Mark Twain’s The Adventures of Tom Sawyer is about a young orphan boy living with his aunt and half-brother. It is an adventure story of a young imaginative boy in pursuit of a quixotic quest. Tom believes in witches, devils, Satan, and the magical power of dead cats. Tom becomes a pirate or Robin Hood in his make-believe game. He wants to escape from reality. So he seeks adventure. During his escapades, he pursues danger and mystery.
This shows why he visits the graveyard, cave, and haunted house. Even though his life in the village is mundane, Tom, with the help of his imagination, transforms it into an arena of heroic play. He has displayed this in the classroom and in the room “Number 2” where he discovers a crime and the village’s hypocrisy. He believes in the supernatural and constantly tries to establish their presence in reality. For instance, he believes in the magical power of dead cats to cure warts or a bracelet to save him from drowning (Twain 54). Tom’s escapades along the river with his friends, his nightly capers in the countryside are unimpeded illustrations of boyhood imagination.
Make-believe play is believed to be a product of a child’s imagination, unconstrained by social sanctions, customs, and taboos (Singer and Singer 16). However, a comparison of the make-believe games played by the March sisters and Tom are different even though they are set almost at the same time. The March sisters were young girls being groomed to become ladies (Sanders 25). Their lives move in a circular motion of repetitions and so their fantasies also follow similar patterns until they reach adulthood (Nikolajeva 125).
Tom’s fantasies are more linear as they are the product of “enlightenment” and demonstrate “the spirit of action and progress” (Nikolajeva 126). The fantasies of the March sisters are more concerned with the inner maturity of the main characters while the fantasies and images depicted in Tom Sawyer are action-oriented. Tom’s fantasies create a world of adventure and mystery while that of the March sisters create a dreamlike fairy-tale. Tom’s adventures are outdoors while those of the girls are indoors. Both Little Women and Tom Sawyer show that the young minds, irrespective of gender, build a world away from the realities of life but the make-believe games played by them differ significantly.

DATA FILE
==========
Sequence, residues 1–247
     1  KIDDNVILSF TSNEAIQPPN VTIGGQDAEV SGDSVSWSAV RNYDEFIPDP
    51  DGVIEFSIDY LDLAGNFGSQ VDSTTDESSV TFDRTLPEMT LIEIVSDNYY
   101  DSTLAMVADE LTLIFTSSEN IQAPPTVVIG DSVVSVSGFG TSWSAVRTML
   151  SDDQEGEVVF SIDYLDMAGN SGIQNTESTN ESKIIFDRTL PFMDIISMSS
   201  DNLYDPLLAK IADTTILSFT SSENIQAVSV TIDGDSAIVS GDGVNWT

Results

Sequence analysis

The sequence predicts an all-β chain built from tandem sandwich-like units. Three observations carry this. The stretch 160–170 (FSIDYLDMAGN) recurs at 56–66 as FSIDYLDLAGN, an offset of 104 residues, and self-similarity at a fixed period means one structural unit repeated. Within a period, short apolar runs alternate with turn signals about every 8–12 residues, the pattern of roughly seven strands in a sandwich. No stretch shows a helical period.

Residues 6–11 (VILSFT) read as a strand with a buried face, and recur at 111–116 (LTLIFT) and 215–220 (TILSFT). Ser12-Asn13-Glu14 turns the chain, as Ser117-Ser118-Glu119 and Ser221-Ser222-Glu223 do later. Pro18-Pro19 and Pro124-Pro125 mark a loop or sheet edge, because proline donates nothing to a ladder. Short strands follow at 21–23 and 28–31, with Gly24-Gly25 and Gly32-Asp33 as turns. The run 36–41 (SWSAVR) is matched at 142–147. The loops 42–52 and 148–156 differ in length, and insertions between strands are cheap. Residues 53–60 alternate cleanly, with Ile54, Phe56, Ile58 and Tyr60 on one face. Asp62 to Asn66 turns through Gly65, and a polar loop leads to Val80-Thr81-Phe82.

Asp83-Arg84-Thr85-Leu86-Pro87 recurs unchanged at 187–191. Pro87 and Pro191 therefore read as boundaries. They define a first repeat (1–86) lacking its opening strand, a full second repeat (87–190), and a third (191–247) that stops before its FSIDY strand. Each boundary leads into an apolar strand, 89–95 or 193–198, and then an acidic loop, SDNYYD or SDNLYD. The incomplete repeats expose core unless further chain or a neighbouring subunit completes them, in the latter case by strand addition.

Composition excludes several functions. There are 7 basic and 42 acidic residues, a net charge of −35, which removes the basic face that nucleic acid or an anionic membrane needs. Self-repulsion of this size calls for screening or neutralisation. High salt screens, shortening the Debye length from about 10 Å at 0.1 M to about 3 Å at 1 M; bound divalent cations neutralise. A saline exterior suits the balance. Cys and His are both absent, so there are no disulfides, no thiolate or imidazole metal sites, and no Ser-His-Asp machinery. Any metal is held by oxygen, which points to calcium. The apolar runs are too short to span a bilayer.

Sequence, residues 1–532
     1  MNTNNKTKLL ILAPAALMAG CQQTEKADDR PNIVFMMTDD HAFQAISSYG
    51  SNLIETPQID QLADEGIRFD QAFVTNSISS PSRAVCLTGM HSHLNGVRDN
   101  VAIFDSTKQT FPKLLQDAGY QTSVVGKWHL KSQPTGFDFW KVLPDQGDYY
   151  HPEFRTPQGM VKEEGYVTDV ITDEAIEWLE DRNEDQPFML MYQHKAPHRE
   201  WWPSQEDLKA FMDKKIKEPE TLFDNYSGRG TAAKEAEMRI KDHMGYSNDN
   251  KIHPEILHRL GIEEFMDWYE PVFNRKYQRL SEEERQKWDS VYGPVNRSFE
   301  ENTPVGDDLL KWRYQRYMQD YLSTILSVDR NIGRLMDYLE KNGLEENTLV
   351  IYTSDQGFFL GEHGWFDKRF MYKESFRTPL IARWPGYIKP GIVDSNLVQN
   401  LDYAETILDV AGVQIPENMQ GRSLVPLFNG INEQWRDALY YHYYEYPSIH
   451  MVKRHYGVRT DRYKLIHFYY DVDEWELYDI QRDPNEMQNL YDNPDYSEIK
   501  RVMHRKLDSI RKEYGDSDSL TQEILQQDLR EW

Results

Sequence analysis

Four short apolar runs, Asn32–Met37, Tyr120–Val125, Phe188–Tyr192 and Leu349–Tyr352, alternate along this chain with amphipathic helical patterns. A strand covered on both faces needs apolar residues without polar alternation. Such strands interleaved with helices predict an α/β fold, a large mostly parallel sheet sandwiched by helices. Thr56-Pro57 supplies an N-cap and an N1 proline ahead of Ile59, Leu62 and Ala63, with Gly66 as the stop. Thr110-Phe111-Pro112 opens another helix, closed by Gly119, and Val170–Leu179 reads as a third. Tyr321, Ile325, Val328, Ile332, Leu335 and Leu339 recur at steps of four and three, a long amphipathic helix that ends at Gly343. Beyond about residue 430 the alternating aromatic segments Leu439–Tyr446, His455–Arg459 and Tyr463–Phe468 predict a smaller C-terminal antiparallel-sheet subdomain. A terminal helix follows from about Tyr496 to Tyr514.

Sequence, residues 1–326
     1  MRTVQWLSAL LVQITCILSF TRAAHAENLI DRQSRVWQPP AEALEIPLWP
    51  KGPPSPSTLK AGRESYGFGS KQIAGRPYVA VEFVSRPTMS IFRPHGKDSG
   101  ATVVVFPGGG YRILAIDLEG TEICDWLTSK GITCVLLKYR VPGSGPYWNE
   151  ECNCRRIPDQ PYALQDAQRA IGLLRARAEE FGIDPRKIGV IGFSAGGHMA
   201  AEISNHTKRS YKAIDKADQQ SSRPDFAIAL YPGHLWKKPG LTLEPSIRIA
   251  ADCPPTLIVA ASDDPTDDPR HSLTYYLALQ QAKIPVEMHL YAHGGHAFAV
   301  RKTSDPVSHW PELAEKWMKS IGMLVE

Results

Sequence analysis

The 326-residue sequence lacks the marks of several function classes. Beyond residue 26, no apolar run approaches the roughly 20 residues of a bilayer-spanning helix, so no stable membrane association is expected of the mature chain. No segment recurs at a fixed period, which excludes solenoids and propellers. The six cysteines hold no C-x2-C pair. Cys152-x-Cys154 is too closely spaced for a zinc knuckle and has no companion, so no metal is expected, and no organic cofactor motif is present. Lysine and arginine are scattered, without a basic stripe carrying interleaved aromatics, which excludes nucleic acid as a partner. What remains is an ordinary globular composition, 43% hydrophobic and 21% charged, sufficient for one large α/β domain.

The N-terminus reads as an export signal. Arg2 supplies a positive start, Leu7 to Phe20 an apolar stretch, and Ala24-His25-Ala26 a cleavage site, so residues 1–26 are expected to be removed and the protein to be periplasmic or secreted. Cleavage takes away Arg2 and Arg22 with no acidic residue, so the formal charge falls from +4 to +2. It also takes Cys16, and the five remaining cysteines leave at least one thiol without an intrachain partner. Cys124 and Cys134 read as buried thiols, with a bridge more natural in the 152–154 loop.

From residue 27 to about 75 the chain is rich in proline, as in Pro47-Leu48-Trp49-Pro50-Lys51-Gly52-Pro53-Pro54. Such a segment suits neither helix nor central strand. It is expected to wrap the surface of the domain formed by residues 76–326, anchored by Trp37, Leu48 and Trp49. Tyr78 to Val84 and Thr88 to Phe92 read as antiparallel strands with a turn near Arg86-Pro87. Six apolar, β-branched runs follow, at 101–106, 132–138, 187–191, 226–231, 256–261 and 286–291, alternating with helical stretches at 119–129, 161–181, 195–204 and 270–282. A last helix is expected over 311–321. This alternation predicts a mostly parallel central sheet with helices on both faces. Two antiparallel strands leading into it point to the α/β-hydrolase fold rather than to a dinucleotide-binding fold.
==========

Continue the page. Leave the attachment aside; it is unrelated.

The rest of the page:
Alcott, Louisa May. Little Women. Penguin, 2014.
Fetterley, Judith. “Little Women: Alcott’s Civil War.” Little Women and The Feminist Imagination: Criticism, Controversy, Personal, edited by Janice M. Alberghene and Beverly Lyon Clark, 2014, pp. 27-42.
Nikolajeva, Maria. Children’s Literature Comes of Age: Toward a New Aesthetic. Routledge, 2016.
Sanders, Valerie. The Brother-Sister Culture in Nineteenth-Century Literature: From Austen to Woolf. Springer, 2002.
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Singer, Jerome L. and Dorothy G. Singer. “Historical Overview of Research on Imagination in Children.” The Oxford Handbook of the Development of Imagination. Oxford University Press, edited Taylor, Marjorie, 2013, pp. 11-27.
Twain, Mark. The Adventures of Tom Sawyer. Penguin, 2010.